A criminal conviction may not be considered by an IJ until it is final. Morales-Alvarado v. INS, 655 F.2d 172, 174 (9th Cir. 1981). A conviction subject to collateral attack or other modification is still final. Id. at 175. "Once an alien has been convicted by a court of competent jurisdiction and exhausted the direct appeals to which he is entitled, his conviction is final for the purpose of the immigration laws." Id. Under California law, an appellant has a right of appeal to the state appellant court, but not to the state supreme court. Lawson v. Kolender, 658 F.2d 1362, 1364 (9th Cir. 1981); People v. Davis, 147 Cal. 346, 81 P. 718 (1905).
Grageda appealed his conviction to the California Court of and lost. Thus, he has exhausted his direct appeals to which he is entitled. Pursuing collateral measures, Grageda then filed his first petition for writ of error coram nobis, which the state court denied. A second coram nobis petition was pending when the deportation hearing occurred. But, because Grageda had exhausted his direct appeals and because the coram nobis petitions were collateral attacks, his conviction was final. The IJ did not abuse his discretion in refusing to continue immigration proceedings.
Grageda claims that the BIA's decision that spousal abuse under California Penal Code § 273.5(a) defines a crime of moral turpitude is wrong. Although the Immigration and Nationality Act does not define crimes of moral turpitude, traditionally these crimes have often involved fraud. Jordan v. DeGeorge, 341 U.S. 223, 227, 71 S.Ct. 703, 706, 95 L.Ed. 886 (1951). Courts have also included in this category statutory rape, Castle v. INS, 541 F.2d 1064, 1066 (4th Cir. 1976), child abuse, Guerrero de Nodahl v. INS, 407 F.2d 1405, 1406-07 (9th Cir. 1969), and indecent assault, Marinelli v. Ryan, 285 F.2d 474, 476 (2d Cir. 1961).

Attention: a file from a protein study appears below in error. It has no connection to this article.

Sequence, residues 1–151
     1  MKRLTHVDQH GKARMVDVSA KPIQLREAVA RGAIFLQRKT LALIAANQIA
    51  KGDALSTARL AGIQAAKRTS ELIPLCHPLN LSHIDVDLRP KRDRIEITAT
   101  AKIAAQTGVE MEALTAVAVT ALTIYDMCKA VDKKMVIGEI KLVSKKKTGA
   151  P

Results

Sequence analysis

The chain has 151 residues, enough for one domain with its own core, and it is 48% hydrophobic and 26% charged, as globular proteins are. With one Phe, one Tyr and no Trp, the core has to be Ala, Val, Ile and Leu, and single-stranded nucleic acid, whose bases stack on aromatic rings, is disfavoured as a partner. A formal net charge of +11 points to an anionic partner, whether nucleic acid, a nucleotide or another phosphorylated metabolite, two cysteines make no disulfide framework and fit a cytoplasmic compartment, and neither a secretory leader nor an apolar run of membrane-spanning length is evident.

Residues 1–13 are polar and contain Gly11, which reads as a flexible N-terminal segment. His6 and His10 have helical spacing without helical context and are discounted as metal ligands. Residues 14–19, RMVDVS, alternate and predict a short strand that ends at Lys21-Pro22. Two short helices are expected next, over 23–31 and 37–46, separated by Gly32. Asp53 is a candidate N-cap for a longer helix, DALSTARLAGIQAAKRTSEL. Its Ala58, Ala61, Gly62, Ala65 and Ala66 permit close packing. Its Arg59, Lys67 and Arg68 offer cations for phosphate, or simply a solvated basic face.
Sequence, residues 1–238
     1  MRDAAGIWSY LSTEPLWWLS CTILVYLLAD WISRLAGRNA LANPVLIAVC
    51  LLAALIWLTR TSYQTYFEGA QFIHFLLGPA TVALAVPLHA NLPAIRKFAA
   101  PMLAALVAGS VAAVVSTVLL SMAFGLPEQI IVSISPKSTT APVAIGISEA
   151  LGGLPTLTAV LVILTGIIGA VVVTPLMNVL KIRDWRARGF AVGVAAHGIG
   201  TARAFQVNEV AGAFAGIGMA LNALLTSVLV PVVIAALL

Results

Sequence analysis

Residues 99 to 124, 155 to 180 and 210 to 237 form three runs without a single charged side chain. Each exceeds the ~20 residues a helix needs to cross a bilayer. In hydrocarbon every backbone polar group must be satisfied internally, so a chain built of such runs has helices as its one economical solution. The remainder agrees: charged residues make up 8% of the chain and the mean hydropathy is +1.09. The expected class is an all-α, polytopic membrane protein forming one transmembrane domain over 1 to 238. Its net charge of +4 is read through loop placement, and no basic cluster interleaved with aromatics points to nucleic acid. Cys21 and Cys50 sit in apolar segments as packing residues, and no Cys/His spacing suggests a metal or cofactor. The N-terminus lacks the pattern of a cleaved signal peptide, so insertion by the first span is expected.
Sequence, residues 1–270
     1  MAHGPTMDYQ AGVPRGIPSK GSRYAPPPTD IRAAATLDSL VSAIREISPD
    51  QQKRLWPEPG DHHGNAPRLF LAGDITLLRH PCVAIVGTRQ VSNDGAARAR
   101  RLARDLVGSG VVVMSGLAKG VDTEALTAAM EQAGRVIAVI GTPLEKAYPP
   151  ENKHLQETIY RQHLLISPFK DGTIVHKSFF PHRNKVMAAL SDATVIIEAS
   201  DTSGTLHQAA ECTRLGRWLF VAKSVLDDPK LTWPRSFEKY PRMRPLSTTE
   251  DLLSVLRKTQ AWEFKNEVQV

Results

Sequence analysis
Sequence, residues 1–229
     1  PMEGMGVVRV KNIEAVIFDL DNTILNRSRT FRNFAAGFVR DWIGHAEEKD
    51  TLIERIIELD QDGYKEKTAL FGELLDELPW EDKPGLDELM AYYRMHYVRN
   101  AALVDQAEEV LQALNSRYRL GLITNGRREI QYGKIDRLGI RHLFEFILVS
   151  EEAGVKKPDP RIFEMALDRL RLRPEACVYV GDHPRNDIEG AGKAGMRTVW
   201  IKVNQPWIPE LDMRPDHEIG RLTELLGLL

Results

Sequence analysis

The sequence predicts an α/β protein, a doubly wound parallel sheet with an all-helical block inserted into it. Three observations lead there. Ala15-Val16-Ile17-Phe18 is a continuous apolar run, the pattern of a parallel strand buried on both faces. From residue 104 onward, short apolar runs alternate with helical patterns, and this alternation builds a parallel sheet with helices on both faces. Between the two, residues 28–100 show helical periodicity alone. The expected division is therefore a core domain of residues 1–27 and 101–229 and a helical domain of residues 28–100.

Describing moral turpitude in general terms, courts have said that it is an "act of baseness or depravity contrary to accepted moral standards." Guerrero de Nodahl, 407 F.2d at 1406; see also Castle, 541 F.2d at 1066 (an act "so basically offensive to American ethics and accepted moral standards"). Whether a particular crime involves moral turpitude "is determined by the statutory definition or by the nature of the crime not by the specific conduct that resulted in the conviction." McNaughton v. INS, 612 F.2d 457, 459 (9th Cir. 1980); see Castle, 541 F.2d at 1066.